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The Hard Thing About Hard Things by Ben Horowitz

The book:
The hard thing is that hard things have no universal solution.

This book teaches management principles not from standard definitions but from real insightful experiences narrated from a CEO's point of view.
The author talks about several challenges he had to face (in specific situations) when running Opsware. Hiring an executive against the advice of the board of directors or rejecting acquisition offers that exceeded everyone else's expectations are two examples of the hard decisions Ben Horowitz made.

Takeaways and Paths of Action:

The following apply to individuals in a leadership position:

1. Give feedback, constantly:

If you are giving feedback all the time to everybody, it is more likely that they will take it as a regular practice rather than a personal attack. Keep in mind that your goal is to help the other person's job improve, not to prove your point.

You can also use the "shit sandwich" technique. Give a compliment on the good things, tell the hard truth, and then talk about another good thing.

You will likely receive feedback back, so learn to take it.

2. Act fast and break things (-Facebook):

To build the right product, you need to ship and sell the wrong product. You will fall in your face, but you will learn fast. Do whatever is required to survive. Go to action quickly. 

This is hard to implement, but Dale Carnegie has some useful tips:

1. Write down all the alternatives and evaluate them. 
2. Choose the one that is most likely to succeed or the fastest to execute. 
3. Forget about all the other possibilities and execute! 

Do not go back to the other alternatives unless you have completed the path of action you chose and have the results.

3. Communicate your decisions:

Do not make decisions in front of others. But, after you have made any decision, let the affected parties know as soon as possible. Help them to overcome the issues that may arise as a result of your decision.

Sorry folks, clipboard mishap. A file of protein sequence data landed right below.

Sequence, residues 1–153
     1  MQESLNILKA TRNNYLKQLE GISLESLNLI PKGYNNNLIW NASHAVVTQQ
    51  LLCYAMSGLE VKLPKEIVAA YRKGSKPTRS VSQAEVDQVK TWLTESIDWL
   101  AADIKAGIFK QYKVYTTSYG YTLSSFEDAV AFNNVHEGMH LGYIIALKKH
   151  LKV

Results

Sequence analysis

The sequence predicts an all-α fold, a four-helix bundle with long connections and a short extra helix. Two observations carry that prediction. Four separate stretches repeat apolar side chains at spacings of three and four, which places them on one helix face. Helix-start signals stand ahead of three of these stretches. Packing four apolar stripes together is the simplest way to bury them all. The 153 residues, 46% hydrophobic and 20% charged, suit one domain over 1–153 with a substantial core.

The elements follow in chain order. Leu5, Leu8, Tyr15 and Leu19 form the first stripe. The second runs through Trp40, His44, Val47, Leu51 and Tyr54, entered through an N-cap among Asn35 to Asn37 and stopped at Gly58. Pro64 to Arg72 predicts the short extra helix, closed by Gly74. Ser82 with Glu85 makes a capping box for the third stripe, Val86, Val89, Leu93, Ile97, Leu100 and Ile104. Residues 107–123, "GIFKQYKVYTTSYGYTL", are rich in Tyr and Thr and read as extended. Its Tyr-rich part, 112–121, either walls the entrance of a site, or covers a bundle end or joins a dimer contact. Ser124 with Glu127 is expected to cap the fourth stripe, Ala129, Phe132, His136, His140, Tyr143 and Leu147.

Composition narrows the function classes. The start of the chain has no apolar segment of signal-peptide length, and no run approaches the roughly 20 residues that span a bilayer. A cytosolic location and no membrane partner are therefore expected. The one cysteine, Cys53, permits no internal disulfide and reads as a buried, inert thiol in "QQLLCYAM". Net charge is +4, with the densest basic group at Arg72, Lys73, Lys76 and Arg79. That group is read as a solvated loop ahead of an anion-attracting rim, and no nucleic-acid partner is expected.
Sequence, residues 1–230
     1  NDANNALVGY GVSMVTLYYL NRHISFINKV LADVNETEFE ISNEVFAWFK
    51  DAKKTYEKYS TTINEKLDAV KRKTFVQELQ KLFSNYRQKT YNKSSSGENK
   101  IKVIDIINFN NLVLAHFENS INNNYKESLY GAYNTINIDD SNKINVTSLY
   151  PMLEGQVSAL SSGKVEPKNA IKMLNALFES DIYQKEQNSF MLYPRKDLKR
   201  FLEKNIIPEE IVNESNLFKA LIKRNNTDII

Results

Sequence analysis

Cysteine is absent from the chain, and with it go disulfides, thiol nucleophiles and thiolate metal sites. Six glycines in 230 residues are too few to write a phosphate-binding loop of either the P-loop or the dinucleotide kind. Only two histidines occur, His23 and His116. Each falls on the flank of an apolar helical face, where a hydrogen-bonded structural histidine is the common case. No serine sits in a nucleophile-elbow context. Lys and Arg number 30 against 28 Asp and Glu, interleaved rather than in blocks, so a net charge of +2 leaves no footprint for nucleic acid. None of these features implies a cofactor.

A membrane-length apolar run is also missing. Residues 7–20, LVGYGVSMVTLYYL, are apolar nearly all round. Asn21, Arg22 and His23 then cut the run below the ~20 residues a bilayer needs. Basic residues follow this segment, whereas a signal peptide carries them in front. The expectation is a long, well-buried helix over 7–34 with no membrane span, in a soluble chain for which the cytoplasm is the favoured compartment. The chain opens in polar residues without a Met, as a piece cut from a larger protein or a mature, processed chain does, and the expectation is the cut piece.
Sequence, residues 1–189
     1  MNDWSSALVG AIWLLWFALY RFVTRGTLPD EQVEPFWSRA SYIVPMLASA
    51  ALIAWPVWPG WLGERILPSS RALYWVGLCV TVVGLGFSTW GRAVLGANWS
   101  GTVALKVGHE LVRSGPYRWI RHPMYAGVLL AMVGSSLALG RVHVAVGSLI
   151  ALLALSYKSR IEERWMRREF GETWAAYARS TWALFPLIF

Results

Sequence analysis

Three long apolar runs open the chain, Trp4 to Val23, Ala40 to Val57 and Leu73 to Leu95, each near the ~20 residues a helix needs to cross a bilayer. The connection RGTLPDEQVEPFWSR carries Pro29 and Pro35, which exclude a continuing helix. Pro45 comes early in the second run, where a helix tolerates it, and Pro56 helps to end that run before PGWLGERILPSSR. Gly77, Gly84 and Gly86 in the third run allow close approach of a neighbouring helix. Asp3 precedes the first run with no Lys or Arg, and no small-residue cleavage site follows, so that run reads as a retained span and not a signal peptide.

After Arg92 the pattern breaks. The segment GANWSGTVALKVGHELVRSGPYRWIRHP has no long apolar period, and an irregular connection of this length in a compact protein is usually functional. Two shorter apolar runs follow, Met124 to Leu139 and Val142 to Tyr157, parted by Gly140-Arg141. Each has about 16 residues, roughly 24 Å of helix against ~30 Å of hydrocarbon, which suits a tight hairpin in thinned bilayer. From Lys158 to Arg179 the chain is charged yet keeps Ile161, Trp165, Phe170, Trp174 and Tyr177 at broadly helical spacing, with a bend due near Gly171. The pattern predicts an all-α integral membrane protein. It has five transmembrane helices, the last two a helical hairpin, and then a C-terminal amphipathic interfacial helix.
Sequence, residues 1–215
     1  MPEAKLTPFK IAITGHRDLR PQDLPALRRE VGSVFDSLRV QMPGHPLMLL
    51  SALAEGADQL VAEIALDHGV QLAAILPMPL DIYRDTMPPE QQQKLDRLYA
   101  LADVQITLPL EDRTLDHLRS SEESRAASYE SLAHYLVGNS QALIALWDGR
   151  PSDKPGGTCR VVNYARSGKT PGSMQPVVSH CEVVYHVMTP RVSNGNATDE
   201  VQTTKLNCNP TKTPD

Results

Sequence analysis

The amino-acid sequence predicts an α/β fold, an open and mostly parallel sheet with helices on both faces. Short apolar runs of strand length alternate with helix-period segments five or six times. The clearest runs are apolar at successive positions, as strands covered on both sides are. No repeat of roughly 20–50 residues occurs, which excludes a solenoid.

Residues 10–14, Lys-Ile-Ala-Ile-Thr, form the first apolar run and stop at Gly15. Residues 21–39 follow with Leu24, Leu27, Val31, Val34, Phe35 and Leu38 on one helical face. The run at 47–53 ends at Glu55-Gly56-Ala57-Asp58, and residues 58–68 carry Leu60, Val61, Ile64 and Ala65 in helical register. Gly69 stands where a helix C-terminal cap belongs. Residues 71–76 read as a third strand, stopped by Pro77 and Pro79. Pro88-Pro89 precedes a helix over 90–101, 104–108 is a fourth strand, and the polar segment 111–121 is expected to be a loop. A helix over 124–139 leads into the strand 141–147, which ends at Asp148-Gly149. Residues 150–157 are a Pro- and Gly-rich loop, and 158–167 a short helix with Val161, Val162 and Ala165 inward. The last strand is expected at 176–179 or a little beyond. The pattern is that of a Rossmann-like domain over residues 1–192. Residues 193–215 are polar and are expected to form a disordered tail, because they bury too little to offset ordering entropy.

Don't delay, and be clear on why you made the decision. Definitely, do not hide.

4. Train your team:

This is the most important lesson in this book. Bad leaders try to do all the tasks themselves. Don't be a bad leader. 

Imagine there's a task on which you need to work for two hours every week. You may think that it is not worth spending time on training as that would be even more time-consuming. However, assume you spend 20 hours training five people to do this task. After one month, those five people would have worked 40 hours on that task. After one year, they'd have worked 480 hours; you, only 20.

Every year, or for every project, take some hours of your time to teach people the skills they need to know. 

5. The law of crappy people:

The law of crappy people states that the members of a team are (consciously or unconsciously) conditioned to be as good as the crappiest of their superiors. This means that you need to make sure that everyone, including you, is performing to the right (highest) standards. 

Implement performance reports. An easy way to evaluate performance is to give each person a number to grow or maintain. For example, the sales team can report the number of sales from each month or week.

Evaluations will tell you who's holding the team back, and you'll need to improve their performance or let them go.

Favourite quote:

"Embrace your weirdness, your background, your instinct"


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